The equinoxes are the solstices are harbingers of the changing of the seasons. Twice a year the earth tilts to a right angle to the sun and the sun is directly over the equator. Basically this configuration of earth and sun means that both hemispheres receive almost the same amount of light as they do dark.
In fact, the word equinox translates to “equal night.” The spring equinox falls around March 21 and the autumn equinox falls around September 21. Days grow shorter and nights grow longer for those living in the Northern hemisphere. The reverse is true for those living in the Southern hemisphere.
The tribes and clans of ancient times saw this day as the second harvest. The last of the summer crops would be harvested at this time. The month ahead would be spent drying and preserving vegetables and meats for the cold months ahead. One more harvest lay ahead at the end of October. After that, many of the tribes would be leaving their summer hunting grounds to make the long trek to their winter lodges.
Imagine, if you can, a life without electricity, plumbing, supermarkets, or any of the other modern day conveniences. People were much more aware of the rhythms of the earth and the movement of the stars. Everything revolved around the harvest. Modern day society has all but lost the basic skill of survival. We have forgotten how to feed ourselves.
During this time of giving thanks for the harvest clans and tribes would gather together. For some, it would be their last chance to see one another until spring. Food, dance and ritual were shared and enjoyed by all.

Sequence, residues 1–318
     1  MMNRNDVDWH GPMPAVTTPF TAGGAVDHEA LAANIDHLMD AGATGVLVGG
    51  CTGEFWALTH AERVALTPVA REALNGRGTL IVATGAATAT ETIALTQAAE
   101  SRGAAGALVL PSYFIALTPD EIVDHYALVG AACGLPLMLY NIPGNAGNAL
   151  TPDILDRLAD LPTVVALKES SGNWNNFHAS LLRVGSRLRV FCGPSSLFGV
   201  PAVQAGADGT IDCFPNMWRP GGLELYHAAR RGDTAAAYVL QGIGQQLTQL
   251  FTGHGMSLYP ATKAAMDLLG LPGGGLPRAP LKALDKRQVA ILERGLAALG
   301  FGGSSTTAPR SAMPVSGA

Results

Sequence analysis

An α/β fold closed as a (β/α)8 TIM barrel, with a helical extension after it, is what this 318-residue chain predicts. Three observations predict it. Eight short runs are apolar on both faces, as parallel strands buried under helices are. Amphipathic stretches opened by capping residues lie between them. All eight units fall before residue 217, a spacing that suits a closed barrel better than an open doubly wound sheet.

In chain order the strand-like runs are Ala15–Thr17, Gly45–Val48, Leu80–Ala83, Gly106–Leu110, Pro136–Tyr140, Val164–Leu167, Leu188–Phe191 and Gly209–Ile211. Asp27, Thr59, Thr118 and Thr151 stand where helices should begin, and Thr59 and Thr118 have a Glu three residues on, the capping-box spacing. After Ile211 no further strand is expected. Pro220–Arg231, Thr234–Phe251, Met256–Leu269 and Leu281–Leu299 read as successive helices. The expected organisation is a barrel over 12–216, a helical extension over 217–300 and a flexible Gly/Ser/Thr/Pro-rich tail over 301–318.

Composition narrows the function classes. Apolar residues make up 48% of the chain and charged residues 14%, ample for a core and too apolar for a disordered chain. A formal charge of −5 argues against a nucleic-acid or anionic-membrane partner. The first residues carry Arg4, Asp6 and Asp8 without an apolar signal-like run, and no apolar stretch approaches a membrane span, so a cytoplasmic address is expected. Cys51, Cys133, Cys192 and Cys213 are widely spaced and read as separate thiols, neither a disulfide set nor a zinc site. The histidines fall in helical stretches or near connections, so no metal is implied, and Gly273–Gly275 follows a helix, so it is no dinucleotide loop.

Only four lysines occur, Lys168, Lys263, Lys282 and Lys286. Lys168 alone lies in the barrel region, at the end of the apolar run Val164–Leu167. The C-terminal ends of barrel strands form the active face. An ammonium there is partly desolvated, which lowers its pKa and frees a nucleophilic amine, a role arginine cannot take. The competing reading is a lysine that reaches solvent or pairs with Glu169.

Our modern day equivalent, known as Thanksgiving, originally fell on October 2, a date which makes a lot more sense on an agricultural level. Abraham Lincoln was the first one responsible for changing the date of Thanksgiving. He issued the “Thanksgiving Proclamation” in 1863, which changed the date to the last Thursday in November. Franklin Delano Roosevelt changed it once again, making it the second to the last Thursday in October. He did this in the hope that changing the date would boost post Depression holiday sales. Two years later the final change was made by Congress, and the fourth Thursday of November officially became Thanksgiving Day.
The autumn equinox is definitely a time for gratitude for the bounty and abundance that summer brought our way. It is a time to stop and reflect on what we want to accomplish in the year ahead. The crisp autumn air and the smell of bonfires and the smell of apples and spice in the air are a welcome change from the hot muggy days of summer.
As a practicing Witch, I am profoundly aware of the old harvest calendar. Pagans see the autumn equinox, or Mabon as it is called by some, is a time as a time to gather together and share our adventures from the summer. We create corn dollies and other harvest based crafts and share a feast. As in days of old, it is our Thanksgiving.
As I join in the sacred circle, call in the elements of the earth, and allow the spirit of gratitude to flow through me I am once again aware of the changes I feel within as well as the changes I see reflected all around me. I am in the autumn of my life now, caught between the summer of my youth and the winter of my old age. But, autumn has always been my favorite season, and I am quite sure that this autumn of my life is going to be my favorite season too. All I have to do is paint the beautiful hues of orange, yellow and red on my inner canvas.
Life is good.